Section 66001, subdivisions (a)(1) and (2), require the City to "[i]dentify the purpose of the fee" and "[i]dentify the use to which the fee is to be put." If the use is financing public facilities, the facilities must be identified. However, the statute provides flexibility regarding how that identification may be made. It may, but need not, "be made by reference to a capital improvement plan as specified in Section 65403 or 66002, may be made in applicable general or specific plan requirements, or may be made in other public documents that identify the public facilities for which the fee is charged." (§ 66001, subd. (a)(2).) Similarly, Lemoore City Code, section 8-10-3, requires that impact fee resolutions shall be adopted in accordance with the provisions of the Mitigation Fee Act. Regarding the content of such resolutions, Lemoore City Code, section 8-10-2, requires the city council to "list the specific public improvements to be financed."
HBA contends the City disregarded these provisions in establishing the community/recreation facility impact fee in that no specific public improvements were identified. Rather, reference was made to examples of future facilities without any actual plan or commitment. The crux of HBA's complaint is the City's use of the standard-based method to calculate the fees to maintain the current level of service, i.e., the ratio of the value of existing facilities divided by the current population to arrive at the per capita cost. HBA argues the Mitigation Fee Act requires the identification of a specific improvement plan and its attendant costs, not simply a type or category of future public facilities. In other words, the City must use a plan-based approach.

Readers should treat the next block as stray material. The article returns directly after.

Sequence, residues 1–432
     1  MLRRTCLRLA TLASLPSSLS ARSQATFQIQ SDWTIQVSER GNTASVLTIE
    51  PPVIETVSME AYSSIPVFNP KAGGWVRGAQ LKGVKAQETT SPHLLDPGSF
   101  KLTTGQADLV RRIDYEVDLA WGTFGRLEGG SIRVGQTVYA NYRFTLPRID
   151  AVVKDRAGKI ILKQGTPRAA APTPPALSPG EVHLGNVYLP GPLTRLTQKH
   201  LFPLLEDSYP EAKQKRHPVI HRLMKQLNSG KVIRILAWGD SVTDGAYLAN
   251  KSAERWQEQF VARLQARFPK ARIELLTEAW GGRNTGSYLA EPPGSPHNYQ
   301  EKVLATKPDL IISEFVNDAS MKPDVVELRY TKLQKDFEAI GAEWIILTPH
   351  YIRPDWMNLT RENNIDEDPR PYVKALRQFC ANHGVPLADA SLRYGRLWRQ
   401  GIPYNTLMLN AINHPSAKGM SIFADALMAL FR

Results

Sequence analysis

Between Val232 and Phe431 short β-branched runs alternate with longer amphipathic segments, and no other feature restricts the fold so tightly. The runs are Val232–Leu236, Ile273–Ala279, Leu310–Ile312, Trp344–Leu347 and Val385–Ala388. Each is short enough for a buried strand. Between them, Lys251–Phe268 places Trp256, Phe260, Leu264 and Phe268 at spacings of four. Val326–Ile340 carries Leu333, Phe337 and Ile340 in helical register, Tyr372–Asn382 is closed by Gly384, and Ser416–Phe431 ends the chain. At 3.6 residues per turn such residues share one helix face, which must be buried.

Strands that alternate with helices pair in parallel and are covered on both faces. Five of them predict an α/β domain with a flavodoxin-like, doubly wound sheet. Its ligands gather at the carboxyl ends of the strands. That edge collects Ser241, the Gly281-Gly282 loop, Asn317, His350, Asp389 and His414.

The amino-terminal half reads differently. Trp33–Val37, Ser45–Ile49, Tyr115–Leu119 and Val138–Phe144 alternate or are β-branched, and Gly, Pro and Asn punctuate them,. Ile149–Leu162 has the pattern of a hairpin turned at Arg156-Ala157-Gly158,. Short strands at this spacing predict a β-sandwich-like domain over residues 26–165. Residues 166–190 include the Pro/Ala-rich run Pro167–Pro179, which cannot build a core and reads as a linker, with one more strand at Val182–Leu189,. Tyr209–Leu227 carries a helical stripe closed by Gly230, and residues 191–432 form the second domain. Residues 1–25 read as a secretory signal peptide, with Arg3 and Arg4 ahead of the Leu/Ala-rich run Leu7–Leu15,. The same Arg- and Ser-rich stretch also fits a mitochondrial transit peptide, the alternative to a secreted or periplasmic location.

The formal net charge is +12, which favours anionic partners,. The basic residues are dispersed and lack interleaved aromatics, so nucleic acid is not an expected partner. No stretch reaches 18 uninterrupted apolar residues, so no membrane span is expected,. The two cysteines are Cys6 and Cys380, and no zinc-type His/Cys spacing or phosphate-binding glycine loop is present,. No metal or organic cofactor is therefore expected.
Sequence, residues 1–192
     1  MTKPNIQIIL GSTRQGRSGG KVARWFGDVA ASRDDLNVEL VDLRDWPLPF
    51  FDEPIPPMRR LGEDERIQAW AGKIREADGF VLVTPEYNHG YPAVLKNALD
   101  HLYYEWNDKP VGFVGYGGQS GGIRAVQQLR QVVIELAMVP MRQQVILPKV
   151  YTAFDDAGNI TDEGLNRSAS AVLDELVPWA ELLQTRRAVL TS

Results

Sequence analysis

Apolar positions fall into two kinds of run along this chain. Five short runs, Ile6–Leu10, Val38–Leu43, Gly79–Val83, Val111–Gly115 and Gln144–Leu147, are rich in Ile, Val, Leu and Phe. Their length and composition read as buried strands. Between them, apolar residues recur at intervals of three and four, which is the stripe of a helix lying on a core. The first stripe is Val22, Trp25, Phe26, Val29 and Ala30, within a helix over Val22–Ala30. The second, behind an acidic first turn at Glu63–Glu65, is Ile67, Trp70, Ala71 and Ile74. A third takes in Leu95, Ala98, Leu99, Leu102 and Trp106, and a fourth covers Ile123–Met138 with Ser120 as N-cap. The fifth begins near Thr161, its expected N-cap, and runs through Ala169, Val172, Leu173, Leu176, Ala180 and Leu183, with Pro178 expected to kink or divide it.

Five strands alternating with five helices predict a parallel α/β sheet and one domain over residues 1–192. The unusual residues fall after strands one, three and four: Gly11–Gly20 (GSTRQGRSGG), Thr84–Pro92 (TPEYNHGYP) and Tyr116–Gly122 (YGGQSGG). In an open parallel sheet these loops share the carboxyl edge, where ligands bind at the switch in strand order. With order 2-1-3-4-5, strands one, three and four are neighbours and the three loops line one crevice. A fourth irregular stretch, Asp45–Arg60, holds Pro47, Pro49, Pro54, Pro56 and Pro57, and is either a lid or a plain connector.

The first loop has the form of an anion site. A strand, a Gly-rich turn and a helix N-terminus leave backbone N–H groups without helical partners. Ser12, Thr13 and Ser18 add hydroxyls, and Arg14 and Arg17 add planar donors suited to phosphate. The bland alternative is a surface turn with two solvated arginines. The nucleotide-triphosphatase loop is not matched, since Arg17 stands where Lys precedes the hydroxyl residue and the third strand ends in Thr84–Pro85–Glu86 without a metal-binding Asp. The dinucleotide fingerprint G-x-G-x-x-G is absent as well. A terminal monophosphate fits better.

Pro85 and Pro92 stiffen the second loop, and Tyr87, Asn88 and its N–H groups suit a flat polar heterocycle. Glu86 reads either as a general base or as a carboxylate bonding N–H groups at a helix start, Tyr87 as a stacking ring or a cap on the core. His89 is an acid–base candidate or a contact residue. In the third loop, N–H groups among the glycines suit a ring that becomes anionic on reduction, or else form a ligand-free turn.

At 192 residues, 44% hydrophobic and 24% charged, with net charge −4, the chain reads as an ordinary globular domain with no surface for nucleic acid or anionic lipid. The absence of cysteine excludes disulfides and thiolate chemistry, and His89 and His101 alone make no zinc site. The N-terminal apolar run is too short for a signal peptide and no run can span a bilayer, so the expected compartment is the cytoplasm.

Contrary to HBA's position, section 66001 is not so limiting. Rather, it is acceptable for the local agency to identify the facilities via general plan requirements. In fact, a "fee" may be "established for a broad class of projects by legislation of general applicability." (§ 66000, subd. (b).) It would be unreasonable to demand the specificity urged by HBA and require local agencies to make a concrete showing of all projected construction when initially adopting a resolution. Such a ...